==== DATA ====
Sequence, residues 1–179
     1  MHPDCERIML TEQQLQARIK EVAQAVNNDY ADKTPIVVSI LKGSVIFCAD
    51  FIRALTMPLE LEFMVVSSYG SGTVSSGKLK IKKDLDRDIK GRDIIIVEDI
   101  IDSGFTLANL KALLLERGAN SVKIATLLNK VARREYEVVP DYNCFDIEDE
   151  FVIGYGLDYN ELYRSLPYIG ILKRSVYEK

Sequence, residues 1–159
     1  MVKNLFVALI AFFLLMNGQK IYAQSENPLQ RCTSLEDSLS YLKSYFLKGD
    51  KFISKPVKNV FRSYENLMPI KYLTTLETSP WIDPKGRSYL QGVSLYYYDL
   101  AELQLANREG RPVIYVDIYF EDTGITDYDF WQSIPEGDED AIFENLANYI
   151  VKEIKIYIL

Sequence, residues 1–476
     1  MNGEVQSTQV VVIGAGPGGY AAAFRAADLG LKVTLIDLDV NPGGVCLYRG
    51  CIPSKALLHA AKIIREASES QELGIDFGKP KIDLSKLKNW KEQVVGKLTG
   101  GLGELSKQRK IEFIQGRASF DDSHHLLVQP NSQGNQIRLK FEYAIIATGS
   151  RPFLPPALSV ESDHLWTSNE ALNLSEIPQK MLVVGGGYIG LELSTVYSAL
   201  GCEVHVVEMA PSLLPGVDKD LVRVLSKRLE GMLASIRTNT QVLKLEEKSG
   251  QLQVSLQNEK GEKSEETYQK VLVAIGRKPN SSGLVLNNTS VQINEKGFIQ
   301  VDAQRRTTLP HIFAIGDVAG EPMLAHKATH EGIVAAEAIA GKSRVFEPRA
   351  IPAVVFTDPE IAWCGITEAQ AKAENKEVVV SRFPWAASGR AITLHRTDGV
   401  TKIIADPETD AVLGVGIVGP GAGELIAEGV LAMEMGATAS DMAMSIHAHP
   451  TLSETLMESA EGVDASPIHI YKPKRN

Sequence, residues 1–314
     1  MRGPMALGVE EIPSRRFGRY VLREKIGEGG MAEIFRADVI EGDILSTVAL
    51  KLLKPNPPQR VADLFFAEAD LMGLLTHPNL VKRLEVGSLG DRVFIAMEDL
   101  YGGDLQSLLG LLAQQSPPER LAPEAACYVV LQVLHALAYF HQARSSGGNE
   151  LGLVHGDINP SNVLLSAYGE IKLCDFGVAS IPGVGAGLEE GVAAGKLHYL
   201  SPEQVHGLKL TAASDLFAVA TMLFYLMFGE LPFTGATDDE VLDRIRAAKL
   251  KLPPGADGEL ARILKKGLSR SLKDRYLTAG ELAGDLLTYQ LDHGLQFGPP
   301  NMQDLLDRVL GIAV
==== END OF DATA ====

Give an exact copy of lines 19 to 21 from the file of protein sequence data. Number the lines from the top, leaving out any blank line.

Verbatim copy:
   351  IPAVVFTDPE IAWCGITEAQ AKAENKEVVV SRFPWAASGR AITLHRTDGV
   401  TKIIADPETD AVLGVGIVGP GAGELIAEGV LAMEMGATAS DMAMSIHAHP
   451  TLSETLMESA EGVDASPIHI YKPKRN